Seattle Symphony Chorale joined the SSO onstage for the final work, the Fauré Requiem, along with baritone soloist Nicolas Cavallier and substitute soprano soloist Cyndia Sieden. This seven-movement setting of the Mass for the Dead eschews the typical fire-and-brimstone of canonic Requiems (think Mozart’s Dies Irae) and instead offers a more repentant, reassuring tone to the peaceful Latin texts (Lux Aeterna, Pie Jesu, In Paradisum, etc.)—plenty of light, peace and eternal rest, apt for Fauré’s tender and colorful musical vocabulary.

Because of the subtlety of Fauré’s compositional style, the Requiem is a work that demands the same type of nuance and emotion in its performance. While the Symphony orchestra infused each note with intention, passion and precision, the Chorale was not able to harness the beauty locked within Fauré’s simplistic and stripped-down choral writing. The effect, when done with purpose and sensitive phrasing, can be spiritual and positively haunting, reminiscent of chant and stunning in its refusal of more operatic passages. Instead, I found myself distracted by the imbalance between the choir’s sections and the lack of strength in their solo passages. Though the Chorale did muster some stunning moments, it was at the few points of fullness and filled-out harmony, more akin to how one would perform Mozart or Verdi’s Requiem. It is obvious where the Chorale’s comfort zone is, and their lack of versatility was detrimental to the performance.

Similarly, Cavallier and Sieden were unimpressive; Cavallier’s weighty baritone, though achieving a few gorgeous lows, was not able to achieve the sensitive expressivity needed for the soloist’s passages. Cavallier’s résumé boasts many operatic credits, including several productions of which I am quite fond (Seattle Opera’s 2014 Don Giovanni, for instance), and his tone lends well towards the Figaro’s and Giovanni’s for which he is best known. However, these roles are a far cry from the subtle reverence of Fauré. Seattle-based soprano Cyndia Sieden, though more versatile and sensitive in tone than Cavallier, appeared meek in both her stage presence and phrasing capabilities (though after the uninspired singing from the Chorale, Sieden’s opening leap in the Pie Jesu was breathtaking).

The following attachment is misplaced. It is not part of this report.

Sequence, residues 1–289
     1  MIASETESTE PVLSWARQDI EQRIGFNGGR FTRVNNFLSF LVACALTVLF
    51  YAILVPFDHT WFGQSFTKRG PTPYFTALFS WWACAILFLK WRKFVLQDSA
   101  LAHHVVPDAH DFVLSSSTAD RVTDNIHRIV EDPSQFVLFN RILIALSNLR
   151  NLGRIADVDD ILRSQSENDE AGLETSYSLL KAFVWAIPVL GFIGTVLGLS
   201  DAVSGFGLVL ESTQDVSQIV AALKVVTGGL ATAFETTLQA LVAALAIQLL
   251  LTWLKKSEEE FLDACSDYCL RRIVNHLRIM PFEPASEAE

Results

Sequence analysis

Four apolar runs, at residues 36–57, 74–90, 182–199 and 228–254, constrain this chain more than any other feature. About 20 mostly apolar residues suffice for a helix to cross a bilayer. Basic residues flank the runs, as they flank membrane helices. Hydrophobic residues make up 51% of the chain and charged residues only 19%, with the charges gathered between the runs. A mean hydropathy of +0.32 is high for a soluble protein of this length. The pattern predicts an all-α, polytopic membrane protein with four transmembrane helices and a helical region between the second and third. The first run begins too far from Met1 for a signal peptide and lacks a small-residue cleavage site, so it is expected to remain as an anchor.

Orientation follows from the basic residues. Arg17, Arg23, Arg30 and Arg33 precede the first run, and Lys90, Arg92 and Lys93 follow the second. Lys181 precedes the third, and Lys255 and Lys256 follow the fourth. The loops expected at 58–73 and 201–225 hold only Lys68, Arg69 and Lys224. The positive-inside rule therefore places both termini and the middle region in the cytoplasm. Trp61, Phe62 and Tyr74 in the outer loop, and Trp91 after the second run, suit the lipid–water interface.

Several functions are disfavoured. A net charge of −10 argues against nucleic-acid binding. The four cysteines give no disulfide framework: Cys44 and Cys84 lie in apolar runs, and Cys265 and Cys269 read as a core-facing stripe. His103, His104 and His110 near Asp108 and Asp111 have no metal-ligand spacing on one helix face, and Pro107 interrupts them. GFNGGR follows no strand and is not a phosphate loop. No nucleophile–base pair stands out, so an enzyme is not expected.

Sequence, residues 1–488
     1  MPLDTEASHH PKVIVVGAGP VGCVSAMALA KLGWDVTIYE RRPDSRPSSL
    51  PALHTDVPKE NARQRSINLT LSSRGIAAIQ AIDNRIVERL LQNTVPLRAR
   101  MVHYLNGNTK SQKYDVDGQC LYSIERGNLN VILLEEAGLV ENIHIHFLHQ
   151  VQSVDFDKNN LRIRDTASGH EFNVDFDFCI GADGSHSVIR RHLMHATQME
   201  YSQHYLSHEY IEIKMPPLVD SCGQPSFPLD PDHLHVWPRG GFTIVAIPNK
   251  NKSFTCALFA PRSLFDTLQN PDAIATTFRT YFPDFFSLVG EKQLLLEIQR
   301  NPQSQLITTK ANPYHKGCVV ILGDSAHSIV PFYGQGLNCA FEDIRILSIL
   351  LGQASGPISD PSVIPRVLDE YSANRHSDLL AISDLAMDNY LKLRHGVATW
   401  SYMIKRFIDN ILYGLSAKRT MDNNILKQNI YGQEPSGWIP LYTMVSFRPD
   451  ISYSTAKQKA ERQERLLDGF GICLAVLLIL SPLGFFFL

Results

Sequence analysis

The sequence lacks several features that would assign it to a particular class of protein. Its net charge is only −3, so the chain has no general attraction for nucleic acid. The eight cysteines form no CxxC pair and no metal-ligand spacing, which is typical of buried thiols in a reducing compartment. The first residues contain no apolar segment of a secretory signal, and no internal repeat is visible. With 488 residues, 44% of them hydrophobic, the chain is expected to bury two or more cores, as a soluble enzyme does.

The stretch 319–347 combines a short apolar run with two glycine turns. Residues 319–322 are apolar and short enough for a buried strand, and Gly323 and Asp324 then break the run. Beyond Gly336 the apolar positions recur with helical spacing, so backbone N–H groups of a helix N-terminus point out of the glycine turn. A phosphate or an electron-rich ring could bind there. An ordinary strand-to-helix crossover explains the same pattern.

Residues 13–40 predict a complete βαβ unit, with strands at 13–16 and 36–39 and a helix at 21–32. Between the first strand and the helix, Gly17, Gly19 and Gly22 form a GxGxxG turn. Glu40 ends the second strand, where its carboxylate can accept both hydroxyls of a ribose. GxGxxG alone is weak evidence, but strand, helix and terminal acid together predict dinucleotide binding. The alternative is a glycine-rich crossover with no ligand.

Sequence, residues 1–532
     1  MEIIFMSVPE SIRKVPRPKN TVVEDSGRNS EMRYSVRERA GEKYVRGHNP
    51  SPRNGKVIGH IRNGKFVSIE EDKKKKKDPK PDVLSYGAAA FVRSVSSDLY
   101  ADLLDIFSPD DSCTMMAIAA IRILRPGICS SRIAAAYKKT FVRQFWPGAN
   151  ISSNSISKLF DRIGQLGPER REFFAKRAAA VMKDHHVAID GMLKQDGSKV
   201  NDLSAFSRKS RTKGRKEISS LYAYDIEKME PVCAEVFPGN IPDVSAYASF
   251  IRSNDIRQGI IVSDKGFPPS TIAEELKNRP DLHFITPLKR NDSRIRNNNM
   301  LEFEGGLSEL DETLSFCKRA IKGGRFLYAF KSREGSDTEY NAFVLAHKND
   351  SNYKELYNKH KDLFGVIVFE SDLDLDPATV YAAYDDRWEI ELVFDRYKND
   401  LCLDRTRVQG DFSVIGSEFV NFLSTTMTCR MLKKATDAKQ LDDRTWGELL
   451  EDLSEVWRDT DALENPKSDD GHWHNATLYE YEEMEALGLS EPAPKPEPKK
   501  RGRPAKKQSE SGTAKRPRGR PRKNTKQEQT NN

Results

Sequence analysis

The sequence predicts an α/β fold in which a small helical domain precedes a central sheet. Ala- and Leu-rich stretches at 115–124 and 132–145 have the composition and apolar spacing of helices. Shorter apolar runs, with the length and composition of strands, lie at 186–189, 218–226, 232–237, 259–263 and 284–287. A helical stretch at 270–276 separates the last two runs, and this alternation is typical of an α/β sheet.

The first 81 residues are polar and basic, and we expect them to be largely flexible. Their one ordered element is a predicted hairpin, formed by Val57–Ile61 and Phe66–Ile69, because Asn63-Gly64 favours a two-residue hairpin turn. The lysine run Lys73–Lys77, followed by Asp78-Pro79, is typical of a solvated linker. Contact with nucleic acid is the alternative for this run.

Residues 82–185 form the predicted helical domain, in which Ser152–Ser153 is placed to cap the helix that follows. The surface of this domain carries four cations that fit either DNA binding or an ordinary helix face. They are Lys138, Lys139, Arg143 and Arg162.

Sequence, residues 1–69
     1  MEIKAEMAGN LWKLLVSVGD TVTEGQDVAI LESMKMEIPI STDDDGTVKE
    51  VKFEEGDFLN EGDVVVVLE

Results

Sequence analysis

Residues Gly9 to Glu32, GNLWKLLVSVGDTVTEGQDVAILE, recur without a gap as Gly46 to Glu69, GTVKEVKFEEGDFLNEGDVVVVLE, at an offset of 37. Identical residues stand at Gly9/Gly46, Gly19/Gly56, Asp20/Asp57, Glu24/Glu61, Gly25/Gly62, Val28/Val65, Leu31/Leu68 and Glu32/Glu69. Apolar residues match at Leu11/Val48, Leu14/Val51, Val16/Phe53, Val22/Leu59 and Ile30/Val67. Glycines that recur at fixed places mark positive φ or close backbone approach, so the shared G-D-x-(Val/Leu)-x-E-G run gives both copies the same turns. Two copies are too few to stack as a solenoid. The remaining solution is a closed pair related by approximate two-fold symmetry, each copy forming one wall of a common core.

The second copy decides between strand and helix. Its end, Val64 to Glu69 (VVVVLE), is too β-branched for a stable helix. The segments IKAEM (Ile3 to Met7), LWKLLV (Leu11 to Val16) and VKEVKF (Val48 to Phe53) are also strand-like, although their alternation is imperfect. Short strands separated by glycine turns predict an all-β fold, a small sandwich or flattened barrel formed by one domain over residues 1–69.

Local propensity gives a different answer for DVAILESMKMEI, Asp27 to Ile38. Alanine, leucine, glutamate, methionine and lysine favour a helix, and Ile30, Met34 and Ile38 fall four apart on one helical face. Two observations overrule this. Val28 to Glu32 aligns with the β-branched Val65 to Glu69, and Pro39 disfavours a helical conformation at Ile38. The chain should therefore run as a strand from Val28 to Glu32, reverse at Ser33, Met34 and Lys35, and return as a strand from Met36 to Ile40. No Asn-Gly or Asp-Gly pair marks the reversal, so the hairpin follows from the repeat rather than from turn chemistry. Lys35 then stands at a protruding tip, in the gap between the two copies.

Despite the vexing imbalance in performance between the choral and symphonic sides of the Fauré, the piece did come together thanks to Morlot’s expressive leadership and the precision of the orchestra. It paled in comparison to the quiet unassuming beauty of the Debussy and La Valse’s exciting raucousness, but altogether, the program provided an opportunity for introspection while reasserting the ensemble’s current Francophile identity.

It often seems the Symphony’s true talent lies in their perfections of the smaller orchestral gems, rather than polishing the larger canonic works. To corroborate this belief, in the past week, Seattle Symphony received three Grammy nominations for their second Dutilleux album and a $50,000 donation from Taylor Swift, who was inspired by their performance of John Luther Adams’ Become Ocean­. Morlot and the Symphony do fabulous work with the unrepresented and underperformed works. Check out their upcoming performances of lesser-known works, like John Adams’ Scheherazade.2 (Untuxed on March 18) and their Celebrate Asia program (January 31).

Claire Biringer
Claire Biringer is a Seattle-based music lover, educator and writer. She holds an MA in Music History from University of Washington, where her primary research involved contemporary opera and its social implications. She enjoys using music and writing to build communities and broaden minds.